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Promoting Adolescent Mental Health Wellness Through Mindfulness and Positive Psychology Strategies
Promoting Adolescent Mental
Health Wellness Through
Mindfulness and Positive
Laura L. Truesdale, LISW-CPS, MAC
Susan Yelverton, LMSW
Palmetto Health Adolescent Recovery Center
General Teen Depression Statistics
Depression is the most common mental health disorder in the United States
among teens and adults.
2.8 million youth age 12-17 had at least one major depressive episode in 2014.
Between 10 to 15 percent of teenagers have some symptoms of teen
depression at any one time.
About 5 percent of teens are suffering from major depression at any one time
As many as 8.3 percent of teens suffer depression for at least a year at a time,
compared to about 5.3 percent of the general population.
Most teens with depression will suffer from more than one episode. 20 to 40
percent will have more than one episode within two years and 70 percent will
have more than one episode before adulthood. Episodes of teen depression
generally last about 8 months.
General Teen Anxiety Statistics
Anxiety Disorder affect 25 percent of all teens
and 30 percent of all teen girls anxiety disorder
at some point in their lives
Lifetime Prevalence: 25.1% of 13 to 18 year olds
Lifetime Prevalence of “Severe” Disorder: 5.9%
of 13 to 18 year olds have “severe” anxiety
What is Positive Psychology ?
“There are two complementary strategies for improving the
human condition. One is to relieve what is negative in life; the
other is to strengthen what is positive. Mainstream psychology
focuses largely on the first strategy; Positive Psychology
emphasizes the second" - Martin Seligman
"Positive psychology is the scientific study of what enables
individuals and communities to thrive" - International Positive
What’s going wrong versus What’s going right
Why? What are the benefits?
Reduce Stress and Boosts Well-Being
Aids Coping and Develops Resilience
Increase Performance and Engagement
Make Healthy Choices
Improvement of Relationships
How to flourish… daily, intentional activities
“Central to the field of positive psychology is the paradox that the
human brain has a negative default position.” MacConville and Rae
We flourish by reducing the impact of negative emotions, increasing
positive emotions and changing the focus from ourselves to other
Albert Ellis and Aaron Beck developed the ABC Model, which is a
useful strategy to understand how our thoughts work and how we
can manage them.
A: Adversity, Activating Event
B: Beliefs or interpretation of A
C: Consequences- emotional or behavioral
D: Disputation- argument to counter B
E: Energization or Effective New Belief
Increasing positive emotions
Positive Psychology has many tools that can be used. The following
are key concepts and skills:
Mindfulness- Mind in a jar
Three good things exercise
Random acts of kindness
What is mindfulness?
It is the awareness of the present moment.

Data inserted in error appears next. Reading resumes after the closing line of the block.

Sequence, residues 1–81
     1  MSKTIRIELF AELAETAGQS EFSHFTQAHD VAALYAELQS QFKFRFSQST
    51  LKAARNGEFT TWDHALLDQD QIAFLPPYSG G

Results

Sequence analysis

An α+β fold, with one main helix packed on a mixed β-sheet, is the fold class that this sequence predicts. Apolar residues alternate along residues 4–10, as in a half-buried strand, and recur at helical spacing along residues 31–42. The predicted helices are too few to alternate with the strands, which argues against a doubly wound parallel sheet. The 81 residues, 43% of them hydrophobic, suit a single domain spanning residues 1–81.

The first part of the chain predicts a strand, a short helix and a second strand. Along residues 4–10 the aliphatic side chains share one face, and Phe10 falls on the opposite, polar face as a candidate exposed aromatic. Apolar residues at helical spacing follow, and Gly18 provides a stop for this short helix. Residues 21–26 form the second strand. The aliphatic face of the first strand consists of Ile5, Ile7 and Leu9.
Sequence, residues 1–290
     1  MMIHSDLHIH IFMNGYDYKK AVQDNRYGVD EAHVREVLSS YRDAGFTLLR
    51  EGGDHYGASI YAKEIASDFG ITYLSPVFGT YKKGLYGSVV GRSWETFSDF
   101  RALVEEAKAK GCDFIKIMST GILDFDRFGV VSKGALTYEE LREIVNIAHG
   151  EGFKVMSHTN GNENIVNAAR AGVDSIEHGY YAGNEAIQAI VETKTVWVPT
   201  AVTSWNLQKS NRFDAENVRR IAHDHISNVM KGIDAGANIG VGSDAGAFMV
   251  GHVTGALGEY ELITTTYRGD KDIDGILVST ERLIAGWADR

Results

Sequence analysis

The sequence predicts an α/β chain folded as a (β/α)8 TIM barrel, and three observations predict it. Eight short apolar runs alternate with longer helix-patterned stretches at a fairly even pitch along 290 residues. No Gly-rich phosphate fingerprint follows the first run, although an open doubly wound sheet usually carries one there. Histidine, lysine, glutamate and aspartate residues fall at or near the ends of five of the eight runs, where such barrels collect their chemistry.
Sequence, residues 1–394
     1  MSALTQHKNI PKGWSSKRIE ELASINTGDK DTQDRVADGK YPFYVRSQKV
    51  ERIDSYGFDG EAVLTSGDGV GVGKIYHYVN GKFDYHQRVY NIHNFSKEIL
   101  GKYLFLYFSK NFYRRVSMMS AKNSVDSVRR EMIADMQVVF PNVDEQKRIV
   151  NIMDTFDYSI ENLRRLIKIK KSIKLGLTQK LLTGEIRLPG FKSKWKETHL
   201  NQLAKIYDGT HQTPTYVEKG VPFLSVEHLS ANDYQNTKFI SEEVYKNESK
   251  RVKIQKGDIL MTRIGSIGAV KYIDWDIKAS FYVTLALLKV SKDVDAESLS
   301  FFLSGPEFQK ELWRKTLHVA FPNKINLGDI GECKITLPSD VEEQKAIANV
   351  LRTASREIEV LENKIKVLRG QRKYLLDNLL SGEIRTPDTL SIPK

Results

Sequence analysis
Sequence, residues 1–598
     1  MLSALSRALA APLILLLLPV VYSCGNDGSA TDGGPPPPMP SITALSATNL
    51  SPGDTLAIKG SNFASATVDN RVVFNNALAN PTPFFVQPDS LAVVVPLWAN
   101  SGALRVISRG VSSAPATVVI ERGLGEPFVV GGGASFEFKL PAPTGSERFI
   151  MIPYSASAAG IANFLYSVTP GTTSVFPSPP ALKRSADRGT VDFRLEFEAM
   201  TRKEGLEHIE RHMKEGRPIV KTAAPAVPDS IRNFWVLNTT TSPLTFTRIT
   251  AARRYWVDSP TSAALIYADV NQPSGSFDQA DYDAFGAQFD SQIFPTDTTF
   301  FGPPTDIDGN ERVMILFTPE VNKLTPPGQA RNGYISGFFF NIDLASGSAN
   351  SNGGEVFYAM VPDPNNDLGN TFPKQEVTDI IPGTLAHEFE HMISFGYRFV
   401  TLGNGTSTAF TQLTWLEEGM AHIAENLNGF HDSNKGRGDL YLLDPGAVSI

It is the noticing of thoughts, feelings and sensations as they rise and
It can be observed through the five senses.
It can be practiced formally (through meditation) or informally (while
waiting in line, talking to a family member, cooking dinner).
It is the process of bringing your attention back to the present
moment, when you have noticed it has wandered.
It is meeting whatever arises in your brain with a non-judgmental
What mindfulness is not.
It is not a religion or doctrine. Anyone of any faith (or non-faith)
can do it!
It is not the act of thinking very hard about one particular thing.
It is not the absence of thought.
It is not just for monks, priests, and spiritual leaders.
It can never be done perfectly.
Why should we practice mindfulness with
adolescents and teens?
It helps them create distance between
themselves and their thoughts and
It helps them “pause” in a moment .
It teaches them psychological
It can build healthier relationships.
It can help them regain interest and
motivation in their present
I’m noticing that
I’m having the
thought that this
is a catastrophe.
How do I practice mindfulness?
You can do any activity mindfully by committing and recommitting
your attention to the task at hand. Here are some activities that are
Doing the dishes
Picking up your room
Packing your backpack or purse.
Why did I
Use five senses to connect to your surroundings.
What do you see, hear, smell, taste, touch?
Focus on the act of breathing.
What does it feel like to breathe in?
Where do you feel the breathe once you have inhaled it? Your lungs,
stomach, or chest?
What does it feel like to exhale?
Where in your body do you notice your exhalation?
Use your five senses to connect to the activity.
What do you see, hear, smell, taste, touch as you connect the dots?
As you go from one dot to the next, notice
how many time your mind wanders.
As you move from one dot to the next, does
your brain get to the next dot before your
Questions to ask yourself:
How often did my mind wander?
When it wandered, did it go to the past, the present, or make
judgments or commentary on the present
Was I able to bring my mind back to the present?
What helped me refocus my attention?
When I noticed my mind wandering, was I kind to myself or did I
get frustrated and judge myself?
How did it feel to be really present with what is happening?
Seligman, Martin E. (1995). The Optimistic Child: A Proven Program to Safeguard Children
against Depression and Build Lifelong Resilience. London: Jessica Kingsley
MacConville, R. and Rae, T. (2012). Building Happiness, Resilience and Motivation in
Adolescents: A Positive Psychology Curriculum for Well-Being. Boston: Houghton Mifflin
Siegel, D. J. (2013). Brainstorm: The Power and Purpose of
the Teenage Brain. New York: Jeremy P. Tarcher/Penguin.